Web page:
If the 1995 Braves do this they’d have Coolio and that guy who sang the “I’m Boombastic, say me fantastic” song:
Legendary hip hop performer and Grammy Award winner MC Hammer will bring
his high-energy show to Great American Ball Park on Friday, July 16 as
part of the celebration of the 1990 World Series Champion Cincinnati
Reds . . . MC Hammer’s pregame concert will run 6 to 6:40pm on the right field
porch and a second show will be on the field starting approximately 20
minutes after the conclusion of the game. He will also do a meet and
greet with fans in the FanZone.
A forty minute Hammer concert? I guess he does “U Can’t Touch This” and the Adams Family song and then repeats them five times. All I know for sure is that you should be careful if you’re going to the meet-and-greet because Hammer will probably try to hand you his resume or ask for a loan or something.
Then again, maybe he has something else in mind. Hammer is from Oakland. Big A’s fan. Used to even be an A’s batboy back in the day. The 1990s Reds, you’ll recall, beat those A’s in the World Series. Maybe Hammer is making this appearance in order to position himself to exact his revenge — Joker-style — on the Reds and their fans! You, know, just as he starts doing his little Hammer dance thing three helicopters fly over the stadium and spray poison gas as Hammer, his henchmen Vanilla Ice and, hell, I dunno, Rickey Henderson make their escape to some secret villains’ lair?
Nah. That would be too cool. We’ll probably just get a B+ performance of “Have you seen her.” Sigh.
In a flurry of roster moves, the Dodgers placed Yu Darvish on the 10-day disabled list with back tightness, the team announced Saturday. Darvish was removed from his start on Wednesday after experiencing back pain and is expected to skip his scheduled start in Pittsburgh next Tuesday before returning to the roster. Left-hander Edward Paredes was recalled from Triple-A Oklahoma City in a corresponding move.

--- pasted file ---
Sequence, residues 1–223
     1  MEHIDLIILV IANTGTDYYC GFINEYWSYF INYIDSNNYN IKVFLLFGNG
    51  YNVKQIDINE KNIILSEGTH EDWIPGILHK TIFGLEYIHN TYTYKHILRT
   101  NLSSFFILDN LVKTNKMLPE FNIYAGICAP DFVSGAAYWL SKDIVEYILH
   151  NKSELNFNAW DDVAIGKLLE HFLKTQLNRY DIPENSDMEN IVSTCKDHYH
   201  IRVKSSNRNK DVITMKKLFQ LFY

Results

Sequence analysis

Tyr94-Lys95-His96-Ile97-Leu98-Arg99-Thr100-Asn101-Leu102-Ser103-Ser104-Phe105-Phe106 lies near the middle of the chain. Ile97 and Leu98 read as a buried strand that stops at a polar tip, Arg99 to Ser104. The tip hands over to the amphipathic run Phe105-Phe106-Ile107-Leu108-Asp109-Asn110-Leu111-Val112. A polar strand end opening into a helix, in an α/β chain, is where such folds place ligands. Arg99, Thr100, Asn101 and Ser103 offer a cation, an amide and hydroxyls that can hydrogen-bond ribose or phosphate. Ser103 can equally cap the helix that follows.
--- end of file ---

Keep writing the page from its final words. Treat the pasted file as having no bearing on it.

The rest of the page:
This is the first disabled list stint of the year for the 31-year-old right-hander, who exited Wednesday’s outing with a 3.83 ERA, 2.8 BB/9 and 9.9 SO/9 over 155 innings for the Dodgers and Rangers in 2017. Darvish told reporters that he felt comfortable continuing to pitch even after the diagnosis, but wanted to respect the team’s decision going forward.
The Dodgers have not officially announced Darvish’s replacement, but will likely turn to right-hander Brock Stewart for a spot start when they polish off their seven-game road trip next week. It’s been a rough weekend for the NL West leaders, who are still waiting on Clayton Kershaw‘s return and lost lefty reliever Grant Dayton to elbow discomfort on Friday.
The writing was on the wall, but the Yankees made it official on Saturday: Aroldis Chapman is no longer closing games for the Bronx Bombers. Comments from manager Joe Girardi suggested that the move is a temporary one, however, and he told reporters that Chapman will be utilized at “different points” in the game as the Yankees try to pinpoint the source of the left-hander’s struggles.
There’s no question that the flame-throwing southpaw has been off his game for a while, and his season 4.29 ERA, 4.3 BB/9 and 12.6 SO/9 hints at some of the issues he’s been facing. He imploded in each of his last three appearances, issuing a cumulative five hits, six runs and five strikeouts over just 3 1/3 innings. It seems plausible that the left rotator cuff inflammation that sidelined him several months ago has resurfaced, but the veteran lefty said Friday that he doesn’t believe any physical issues have caused his decline.
While Chapman works out the kinks in his mechanics, the Yankees will look to some combination of Dellin Betances and David Robertson to cover the ninth inning. Girardi wouldn’t commit to either reliever in the closer’s spot, however, and said he’d take it on a case-by-case basis depending on the match-ups in any given game. The long-term plan is still to reinstate Chapman, whenever that might make sense for the team.
“He’s been scuffling over the past 10 days, two weeks,” Girardi said. “I just thought for us to get him back on track, maybe the best way would be to move him around a little bit until he gets going. When we get him going like I believe he’ll get going, there’s a good chance I’ll put him right back in that closer’s role.”